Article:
Kids and orifices.

I am not even sure if orifices is a word. In fact, I’m more than certain it’s not. So lets just rephrase this to: kids and the multiple of orifice. It’s spelt wrong too – oriface might be more accurate.

Our youngest is a bit different to our older two, they’ve always been strong and healthy with matching appetites, with plenty to “fall back on” (which sounds so incredibly awful to write, but that’s what people say when you have children on the 90+ percentile: “that’s good, they’ll need it if they’re sick”). Our youngest isn’t. She was born early, was a reflux baby and developed asthma symptoms at about 12 months old. She’s slight, isn’t so fussed about eating and refuses to participate in any form of physical exertion. When she presents a bit pale, lacking energy and whinging a lot, it’s not exactly out of the ordinary.

The smell emanating from her nose on the weekend wasn’t normal though. In fact, it was quite putrid, and I insisted a couple of times she brushed her teeth again. Her sister kept yelling at her to wash her hands after going to the bathroom. By bathtime on Sunday night it was still there after she had been scrubbed from head to toe. I called Healthline.

“Have you called before?” “Er, yes, just once or twice”*

(*= many times, Healthline are great, 0800 611 116, I recommend adding them on speed dial)

So on their advice, at 5.30pm on a Sunday evening closing we headed off to the local doctor’s clinic. Who were full so were on hold, and suggested we tried the one ten minutes away as they only had 3 patients in the queue. By the time we arrived, they were also on hold but squeezed us in as we’d been sent there. An hour and a half later… the Doctor confirmed a “Foreign Body in the Right Nostril” and sent us to the hospital to get it removed. I pleaded for mercy from a Sunday night in the Emergency Department and he said it would be okay if we went the next morning. Which we did.

Seven am trek across town to the hospital.

“Emily, is there anything in your nose?”


“Emily, did you put anything in your nose?”


“Emily, why did the Doctor say he could see something in your nose?”

“I don’t know”

“Emily, how did the thing that the Doctor saw in your nose get there?”

“I think it was a mean guy”

“Emily, did a mean guy put something in your nose.”


“Emily, when did a mean guy put something in your nose?”

“I don’t know”

“Emily, what is in your nose?”

“I don’t know.”

“Emily, have you put something in your nose by accident?”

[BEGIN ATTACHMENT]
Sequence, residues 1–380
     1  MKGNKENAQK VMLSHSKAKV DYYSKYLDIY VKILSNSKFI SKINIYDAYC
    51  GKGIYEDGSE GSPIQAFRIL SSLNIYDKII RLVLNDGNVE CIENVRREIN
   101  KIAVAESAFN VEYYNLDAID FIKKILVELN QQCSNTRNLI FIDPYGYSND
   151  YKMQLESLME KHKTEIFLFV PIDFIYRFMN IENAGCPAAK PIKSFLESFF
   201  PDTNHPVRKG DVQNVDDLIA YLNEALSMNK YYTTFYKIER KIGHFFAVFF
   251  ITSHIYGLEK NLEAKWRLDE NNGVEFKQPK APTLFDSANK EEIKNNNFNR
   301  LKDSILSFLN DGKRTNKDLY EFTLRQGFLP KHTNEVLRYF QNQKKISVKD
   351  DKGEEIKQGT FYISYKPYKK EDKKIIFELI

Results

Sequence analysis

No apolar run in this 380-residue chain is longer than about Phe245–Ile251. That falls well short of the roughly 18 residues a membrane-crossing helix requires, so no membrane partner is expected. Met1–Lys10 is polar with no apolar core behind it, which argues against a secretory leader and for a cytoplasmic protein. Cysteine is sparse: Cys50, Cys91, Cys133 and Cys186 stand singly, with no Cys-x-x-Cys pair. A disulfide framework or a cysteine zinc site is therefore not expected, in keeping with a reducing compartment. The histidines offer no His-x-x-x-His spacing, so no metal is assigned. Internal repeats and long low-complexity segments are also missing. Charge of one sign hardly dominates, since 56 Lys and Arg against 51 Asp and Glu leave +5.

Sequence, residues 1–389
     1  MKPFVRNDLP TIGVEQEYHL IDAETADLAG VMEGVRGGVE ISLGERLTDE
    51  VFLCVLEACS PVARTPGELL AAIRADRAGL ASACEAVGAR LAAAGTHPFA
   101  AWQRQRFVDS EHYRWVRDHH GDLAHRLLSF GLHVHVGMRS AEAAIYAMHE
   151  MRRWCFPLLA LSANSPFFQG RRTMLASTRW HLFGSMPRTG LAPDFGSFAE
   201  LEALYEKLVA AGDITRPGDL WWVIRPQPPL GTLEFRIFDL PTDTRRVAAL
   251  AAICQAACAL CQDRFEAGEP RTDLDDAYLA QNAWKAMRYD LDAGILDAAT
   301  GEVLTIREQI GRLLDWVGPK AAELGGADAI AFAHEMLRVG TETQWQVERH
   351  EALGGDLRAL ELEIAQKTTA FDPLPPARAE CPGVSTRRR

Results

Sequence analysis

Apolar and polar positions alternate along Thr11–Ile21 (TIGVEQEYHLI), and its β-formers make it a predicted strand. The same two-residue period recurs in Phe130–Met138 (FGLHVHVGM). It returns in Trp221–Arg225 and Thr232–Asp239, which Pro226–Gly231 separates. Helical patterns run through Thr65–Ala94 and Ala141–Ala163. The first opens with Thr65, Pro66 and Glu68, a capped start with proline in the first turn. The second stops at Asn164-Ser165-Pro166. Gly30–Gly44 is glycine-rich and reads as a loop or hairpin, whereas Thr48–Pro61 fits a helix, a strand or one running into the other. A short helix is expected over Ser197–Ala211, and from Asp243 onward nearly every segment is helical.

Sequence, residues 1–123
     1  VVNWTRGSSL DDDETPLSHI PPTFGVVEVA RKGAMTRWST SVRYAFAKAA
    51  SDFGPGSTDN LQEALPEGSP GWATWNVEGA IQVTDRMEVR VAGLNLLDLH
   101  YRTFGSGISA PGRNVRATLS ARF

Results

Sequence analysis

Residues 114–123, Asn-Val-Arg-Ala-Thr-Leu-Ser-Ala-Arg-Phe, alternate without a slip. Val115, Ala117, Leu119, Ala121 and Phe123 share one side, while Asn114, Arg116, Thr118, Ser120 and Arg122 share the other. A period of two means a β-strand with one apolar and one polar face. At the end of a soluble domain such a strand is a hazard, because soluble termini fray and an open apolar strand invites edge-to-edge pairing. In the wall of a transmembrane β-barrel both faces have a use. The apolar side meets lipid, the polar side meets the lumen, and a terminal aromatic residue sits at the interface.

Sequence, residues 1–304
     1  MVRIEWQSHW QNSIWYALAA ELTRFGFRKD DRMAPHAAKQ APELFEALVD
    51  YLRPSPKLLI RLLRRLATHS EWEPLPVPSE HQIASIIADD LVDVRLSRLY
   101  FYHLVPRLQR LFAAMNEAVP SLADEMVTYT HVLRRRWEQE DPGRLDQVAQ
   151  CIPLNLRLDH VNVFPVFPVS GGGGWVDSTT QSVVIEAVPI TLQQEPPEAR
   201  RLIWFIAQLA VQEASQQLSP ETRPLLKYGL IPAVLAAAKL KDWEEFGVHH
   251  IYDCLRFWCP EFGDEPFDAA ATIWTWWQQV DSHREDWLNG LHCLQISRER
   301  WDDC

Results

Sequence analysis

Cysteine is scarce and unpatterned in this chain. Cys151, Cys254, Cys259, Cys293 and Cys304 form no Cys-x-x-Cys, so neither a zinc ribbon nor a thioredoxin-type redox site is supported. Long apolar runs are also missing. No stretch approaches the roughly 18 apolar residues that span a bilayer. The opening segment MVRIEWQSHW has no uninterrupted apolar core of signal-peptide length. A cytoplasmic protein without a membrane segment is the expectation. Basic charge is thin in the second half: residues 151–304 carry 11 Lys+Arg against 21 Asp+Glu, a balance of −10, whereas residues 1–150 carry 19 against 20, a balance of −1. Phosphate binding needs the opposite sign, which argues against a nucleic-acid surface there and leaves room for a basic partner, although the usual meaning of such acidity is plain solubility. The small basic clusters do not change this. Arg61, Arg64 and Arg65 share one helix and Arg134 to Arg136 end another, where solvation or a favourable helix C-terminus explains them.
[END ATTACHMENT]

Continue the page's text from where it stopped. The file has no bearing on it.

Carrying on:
“Emily, if you had maybe put something in your nose, what would it be?”

“I don’t know.”

“Well, guess.”

“Maybe, a pom pom.”

“A pom pom? Emily, is there a pom pom in your nose?”


“Emily, please tell me, what is in your nose?”

“There’s nothing in my nose”

We arrived at the hospital and they (eventually) looked in her nose to discover there was nothing in it. Crisis averted, we were sent home, confused, but relieved. Emily was shipped off to preschool for the remainder of the day and we lived to tell the tale of the mysterious nose smell.

By bathtime that night it was long forgotten. Except when she lay back to be a mermaid, there was clearly something in her nose. We took a photo.

(“Emily, is there anything in your nose?”


“Emily, there IS something in your nose. What is it?”

“I don’t know.”)

Back to the local GP, who, again, were on ‘on hold’ because they were full, and unable (unwilling) to even advise if we should go back to the Hospital. So, after a bit of dithering, Emily and I fronted up again to the ED. The triage nurse assessed her. It was kind of pink, and shiny and looked more like a piece of gunk, so she kindly got her colleague to take a closer look because if we’d been admitted we’d have been bottom of the pile and there was a massive wait as it was. So, with his long pair of tweezers he reached into Emily’s nose to give it a wipe, and pulled out a greeny, pink, festering, slimy, soft ball. The smell was one of those rank and lingering smells so thick and foul it coats the inside of your nose and throat.

A small pom pom from the art table at preschool.

The nurse threw it in the bin, took our details, Emily’s colour returned, and we were sent home, out of the glare of the fluorescent lights in the bustling ED into the cold night air.

“Emily, why was there a pom pom in your nose?”

“I don’t know”

“Emily, how did the pom pom get in your nose?”

“I don’t know. I think it was a stranger.”

“Emily, strangers don’t put pom poms in people’s noses.”

“I know. But this one did.”

“Emily, if you knew there was a pom pom in your nose, why didn’t you say?”

“I didn’t want you to be mad.”

Two GP visits, two hospital visits, two days, one four year old, and one pink pom pom turned green and rancid, a foreign body in the right nostril.


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